Scripture Readings: Book of the Prophet Joel 2:12-18; Second Corinthians 5:20-6:2; Gospel According to Matthew 6:1-6, 16-18.
The readings for Mass today set the tone for the entire season of Lent which we now begin. Keep in mind the word “Lent” comes from the same root as our word “lengthen.” Of course in this season, as the days are getting longer, we are to “lengthen” or “increase” our fervor for the things of God, especially embodied in prayer, fasting and almsgiving. That may seem like hard work, and it can be, but it is supposed to be joyfully undertaken. If we prefer nothing whatever to Christ, then our prayer, fasting and almsgiving are necessarily a joyful endeavor. Why? Because it unites us along the same path that our Lord took, and He invites us on the same way.
Our Eastern Catholic and Orthodox brethren refer to these forty days as the “Lenten Spring.” Springtime implies new life, fresh starts and the earth itself warming beneath our feet. What is there not to like in all of that? I say that because some people, maybe even some monks, might dread the season of Lent, a time of what is often characterized by “giving up.” May the Lord help us to find in this season cause for joyful giving and doing!
The first reading for Mass today, from the Prophet Joel, is an elegant invitation from God for each of us to “return to the Lord.” The Prophet Joel is telling us what we should be doing in this season. The Letter of Saint Paul to the Corinthians today is concerned with the end or the purpose of Lent, maybe best expressed by the term “reconciliation,” that is, to be made one again with God through receiving God’s forgiveness. Finally the Gospel for Ash Wednesday, from Saint Matthew, tells us how we should live these forty days. Not only by the practices of prayer, fasting and almsgiving, but also looking at the kind of motivation or moving force that needs to be part of all that we do during Lent, namely, for the love of God and neighbor.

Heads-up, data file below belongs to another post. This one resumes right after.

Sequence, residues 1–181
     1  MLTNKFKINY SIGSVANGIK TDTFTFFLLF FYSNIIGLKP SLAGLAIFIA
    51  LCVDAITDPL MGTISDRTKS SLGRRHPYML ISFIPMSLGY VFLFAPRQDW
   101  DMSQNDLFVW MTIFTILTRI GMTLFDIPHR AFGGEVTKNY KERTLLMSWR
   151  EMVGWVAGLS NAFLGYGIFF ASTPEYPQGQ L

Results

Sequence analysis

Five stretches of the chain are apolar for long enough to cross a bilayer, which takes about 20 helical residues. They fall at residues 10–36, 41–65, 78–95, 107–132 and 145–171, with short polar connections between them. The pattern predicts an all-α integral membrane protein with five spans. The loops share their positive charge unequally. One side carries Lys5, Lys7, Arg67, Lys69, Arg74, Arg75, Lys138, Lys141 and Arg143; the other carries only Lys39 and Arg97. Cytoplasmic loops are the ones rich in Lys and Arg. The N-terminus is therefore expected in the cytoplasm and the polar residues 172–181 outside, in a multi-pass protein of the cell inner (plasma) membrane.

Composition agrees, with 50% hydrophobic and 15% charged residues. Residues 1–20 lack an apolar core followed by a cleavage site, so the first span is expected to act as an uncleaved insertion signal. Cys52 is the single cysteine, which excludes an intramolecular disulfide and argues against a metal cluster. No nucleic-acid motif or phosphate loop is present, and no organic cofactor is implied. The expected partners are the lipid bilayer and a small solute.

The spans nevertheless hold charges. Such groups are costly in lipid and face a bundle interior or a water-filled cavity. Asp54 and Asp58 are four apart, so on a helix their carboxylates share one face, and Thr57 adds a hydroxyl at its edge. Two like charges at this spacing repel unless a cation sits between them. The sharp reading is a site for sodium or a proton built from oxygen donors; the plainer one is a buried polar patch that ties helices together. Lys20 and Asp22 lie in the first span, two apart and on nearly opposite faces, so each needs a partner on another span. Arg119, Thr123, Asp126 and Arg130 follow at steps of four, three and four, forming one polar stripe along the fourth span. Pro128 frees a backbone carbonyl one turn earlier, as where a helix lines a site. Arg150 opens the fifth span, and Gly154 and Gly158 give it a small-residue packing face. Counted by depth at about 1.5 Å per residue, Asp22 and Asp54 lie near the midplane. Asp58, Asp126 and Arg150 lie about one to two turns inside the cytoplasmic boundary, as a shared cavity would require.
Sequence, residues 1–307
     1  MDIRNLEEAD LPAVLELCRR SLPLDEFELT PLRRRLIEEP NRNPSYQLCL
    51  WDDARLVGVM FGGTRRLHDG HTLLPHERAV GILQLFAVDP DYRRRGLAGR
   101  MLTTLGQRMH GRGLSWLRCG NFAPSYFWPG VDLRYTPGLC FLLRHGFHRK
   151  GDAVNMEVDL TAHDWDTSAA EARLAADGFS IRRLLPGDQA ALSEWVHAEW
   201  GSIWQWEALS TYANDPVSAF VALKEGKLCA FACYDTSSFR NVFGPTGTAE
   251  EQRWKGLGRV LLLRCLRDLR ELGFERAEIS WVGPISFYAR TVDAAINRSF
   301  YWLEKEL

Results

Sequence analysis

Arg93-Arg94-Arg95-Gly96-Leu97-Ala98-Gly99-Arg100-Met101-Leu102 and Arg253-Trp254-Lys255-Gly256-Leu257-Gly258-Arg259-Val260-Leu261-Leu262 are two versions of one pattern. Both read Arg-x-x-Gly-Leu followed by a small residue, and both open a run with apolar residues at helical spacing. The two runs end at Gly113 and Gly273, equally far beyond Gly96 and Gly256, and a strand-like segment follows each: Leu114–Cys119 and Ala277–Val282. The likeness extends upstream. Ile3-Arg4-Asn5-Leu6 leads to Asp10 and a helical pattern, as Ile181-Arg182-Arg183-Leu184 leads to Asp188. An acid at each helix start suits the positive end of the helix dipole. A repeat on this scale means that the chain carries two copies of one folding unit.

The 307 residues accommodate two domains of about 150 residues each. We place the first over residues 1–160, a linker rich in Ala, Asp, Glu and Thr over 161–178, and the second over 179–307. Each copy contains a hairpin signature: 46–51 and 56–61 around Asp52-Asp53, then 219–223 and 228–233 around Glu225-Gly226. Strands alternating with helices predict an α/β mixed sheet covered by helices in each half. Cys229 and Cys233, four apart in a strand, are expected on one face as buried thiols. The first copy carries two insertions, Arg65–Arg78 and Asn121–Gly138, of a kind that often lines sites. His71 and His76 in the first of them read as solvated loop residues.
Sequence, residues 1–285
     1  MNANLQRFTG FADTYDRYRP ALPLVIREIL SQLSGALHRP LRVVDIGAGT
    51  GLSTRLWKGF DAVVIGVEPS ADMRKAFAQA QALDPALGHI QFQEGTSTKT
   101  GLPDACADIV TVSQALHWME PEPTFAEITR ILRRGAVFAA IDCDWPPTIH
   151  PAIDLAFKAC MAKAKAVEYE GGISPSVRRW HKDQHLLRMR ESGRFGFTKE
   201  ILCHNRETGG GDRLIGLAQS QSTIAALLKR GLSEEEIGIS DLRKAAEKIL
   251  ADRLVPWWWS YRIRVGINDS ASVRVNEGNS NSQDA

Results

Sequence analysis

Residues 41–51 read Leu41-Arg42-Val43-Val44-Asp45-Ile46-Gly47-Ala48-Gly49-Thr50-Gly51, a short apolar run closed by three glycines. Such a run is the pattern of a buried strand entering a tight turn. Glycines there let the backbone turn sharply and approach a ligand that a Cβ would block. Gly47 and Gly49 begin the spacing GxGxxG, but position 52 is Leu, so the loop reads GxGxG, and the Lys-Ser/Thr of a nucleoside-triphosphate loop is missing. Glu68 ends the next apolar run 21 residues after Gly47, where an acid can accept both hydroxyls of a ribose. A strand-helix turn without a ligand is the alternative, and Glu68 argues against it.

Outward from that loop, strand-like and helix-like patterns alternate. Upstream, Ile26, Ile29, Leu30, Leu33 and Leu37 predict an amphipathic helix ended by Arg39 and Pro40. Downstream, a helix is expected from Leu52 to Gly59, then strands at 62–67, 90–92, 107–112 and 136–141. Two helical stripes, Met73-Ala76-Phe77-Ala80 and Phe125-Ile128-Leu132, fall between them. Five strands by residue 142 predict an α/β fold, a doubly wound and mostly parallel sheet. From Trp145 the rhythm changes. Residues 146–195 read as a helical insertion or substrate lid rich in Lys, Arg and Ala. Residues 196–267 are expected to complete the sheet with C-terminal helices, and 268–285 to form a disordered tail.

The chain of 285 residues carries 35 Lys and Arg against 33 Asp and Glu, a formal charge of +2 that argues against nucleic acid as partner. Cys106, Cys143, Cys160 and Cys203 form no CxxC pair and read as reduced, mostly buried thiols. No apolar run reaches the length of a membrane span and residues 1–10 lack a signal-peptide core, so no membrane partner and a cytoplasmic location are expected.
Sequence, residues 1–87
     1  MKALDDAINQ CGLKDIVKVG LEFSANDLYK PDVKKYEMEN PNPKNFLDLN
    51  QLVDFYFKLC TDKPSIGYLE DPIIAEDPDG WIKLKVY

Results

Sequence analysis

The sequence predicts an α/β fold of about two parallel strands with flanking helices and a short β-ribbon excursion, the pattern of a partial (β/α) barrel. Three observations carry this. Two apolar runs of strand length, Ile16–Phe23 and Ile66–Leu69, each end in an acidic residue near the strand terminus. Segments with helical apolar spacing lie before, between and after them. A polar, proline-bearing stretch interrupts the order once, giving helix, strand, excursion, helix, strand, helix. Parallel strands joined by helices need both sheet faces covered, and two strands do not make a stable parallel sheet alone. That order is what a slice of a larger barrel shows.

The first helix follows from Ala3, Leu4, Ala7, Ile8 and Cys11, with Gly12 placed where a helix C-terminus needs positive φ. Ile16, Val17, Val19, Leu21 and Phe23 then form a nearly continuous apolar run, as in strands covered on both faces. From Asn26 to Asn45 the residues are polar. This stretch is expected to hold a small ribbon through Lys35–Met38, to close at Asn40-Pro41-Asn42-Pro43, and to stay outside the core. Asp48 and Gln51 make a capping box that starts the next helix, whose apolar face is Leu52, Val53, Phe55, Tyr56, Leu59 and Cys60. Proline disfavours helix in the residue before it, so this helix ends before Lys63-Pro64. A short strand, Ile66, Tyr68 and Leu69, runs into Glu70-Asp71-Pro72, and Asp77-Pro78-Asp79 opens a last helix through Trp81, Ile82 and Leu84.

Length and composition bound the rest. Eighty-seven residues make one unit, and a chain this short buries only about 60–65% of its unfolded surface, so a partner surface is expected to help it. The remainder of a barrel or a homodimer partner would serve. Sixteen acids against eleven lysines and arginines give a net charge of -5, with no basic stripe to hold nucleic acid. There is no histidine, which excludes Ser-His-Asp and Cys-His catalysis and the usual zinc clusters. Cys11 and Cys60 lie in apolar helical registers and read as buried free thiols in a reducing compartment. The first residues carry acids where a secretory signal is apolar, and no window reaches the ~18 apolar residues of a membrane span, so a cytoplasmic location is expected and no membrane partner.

With the arrival of Ash Wednesday we recognize that “now is the day of salvation,” as Scripture says. Of course every day is “the day of salvation,” but we humans need to be reminded of that truth over and again, and the annual Liturgical season of Lent offers us a golden opportunity to begin anew, to work harder, to be more disposed, to all that God has in store for those who love Him.
The reception of ashes from the blessed palms of last year’s Palm Sunday, placed on our foreheads today, reminds us of an important ideal, expressed perfectly in the words accompanying the imposition of ashes: “Remember, man, that thou art dust and unto dust thou shalt return.” There is another formula that can be used, “Repent and believe in the Gospel.” My preference is the first option, as the one that I know from childhood, and that I use in the distribution of ashes: “Remember, man, that thou art dust and unto dust thou shalt return.”
These words are an invitation to look at one’s own life in a different way. No need to accumulate; no need to look up how much a U-haul trailer costs to rent as we grow closer to death. No, the point is, we must depend on God’s provident care now and throughout our life, and ultimately at the end of our earthly sojourn. For that care of God we should greatly rejoice.
Holy Lent, which we begin again this day, is a loving invitation from our God to pursue a more intimate relationship with our God, to go forth with a real conversion, to make humble penance for our sins and receive the Church’s Sacrament of Forgiveness. We don’t do any of this to feel good about ourselves or to avoid being thrust into hell, but in order to produce the good fruit the Lord expects of us, so that we live fully the joy of Easter, the Resurrection of our Lord and Savior Jesus Christ. To this goal we eagerly take up our Lenten practices in this year of our Lord 2020.
Abbot Christian Leisy, OSB